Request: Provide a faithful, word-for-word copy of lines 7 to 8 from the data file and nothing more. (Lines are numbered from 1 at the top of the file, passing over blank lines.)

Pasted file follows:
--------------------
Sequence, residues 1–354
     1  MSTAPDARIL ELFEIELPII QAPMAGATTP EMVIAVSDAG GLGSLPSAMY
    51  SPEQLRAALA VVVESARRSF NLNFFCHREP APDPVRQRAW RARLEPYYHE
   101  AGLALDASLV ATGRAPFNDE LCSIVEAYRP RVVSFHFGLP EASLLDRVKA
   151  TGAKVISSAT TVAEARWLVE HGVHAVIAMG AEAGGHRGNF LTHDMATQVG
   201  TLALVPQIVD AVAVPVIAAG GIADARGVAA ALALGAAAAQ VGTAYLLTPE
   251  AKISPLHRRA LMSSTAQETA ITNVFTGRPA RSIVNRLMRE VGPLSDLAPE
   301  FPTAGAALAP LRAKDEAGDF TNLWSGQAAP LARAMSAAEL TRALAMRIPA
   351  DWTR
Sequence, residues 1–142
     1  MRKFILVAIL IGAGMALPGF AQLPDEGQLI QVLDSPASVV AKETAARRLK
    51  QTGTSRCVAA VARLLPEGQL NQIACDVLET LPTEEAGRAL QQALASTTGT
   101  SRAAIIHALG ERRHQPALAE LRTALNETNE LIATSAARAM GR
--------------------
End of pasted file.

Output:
   251  AKISPLHRRA LMSSTAQETA ITNVFTGRPA RSIVNRLMRE VGPLSDLAPE
   301  FPTAGAALAP LRAKDEAGDF TNLWSGQAAP LARAMSAAEL TRALAMRIPA